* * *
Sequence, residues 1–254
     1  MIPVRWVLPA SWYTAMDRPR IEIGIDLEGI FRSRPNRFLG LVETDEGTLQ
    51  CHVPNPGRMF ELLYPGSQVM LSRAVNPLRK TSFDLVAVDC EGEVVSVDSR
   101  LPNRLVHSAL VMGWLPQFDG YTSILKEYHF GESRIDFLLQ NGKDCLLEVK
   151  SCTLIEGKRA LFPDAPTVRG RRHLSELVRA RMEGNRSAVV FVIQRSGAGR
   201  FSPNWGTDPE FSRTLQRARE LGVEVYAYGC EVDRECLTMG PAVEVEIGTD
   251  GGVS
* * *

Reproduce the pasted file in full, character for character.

Sequence, residues 1–254
     1  MIPVRWVLPA SWYTAMDRPR IEIGIDLEGI FRSRPNRFLG LVETDEGTLQ
    51  CHVPNPGRMF ELLYPGSQVM LSRAVNPLRK TSFDLVAVDC EGEVVSVDSR
   101  LPNRLVHSAL VMGWLPQFDG YTSILKEYHF GESRIDFLLQ NGKDCLLEVK
   151  SCTLIEGKRA LFPDAPTVRG RRHLSELVRA RMEGNRSAVV FVIQRSGAGR
   201  FSPNWGTDPE FSRTLQRARE LGVEVYAYGC EVDRECLTMG PAVEVEIGTD
   251  GGVS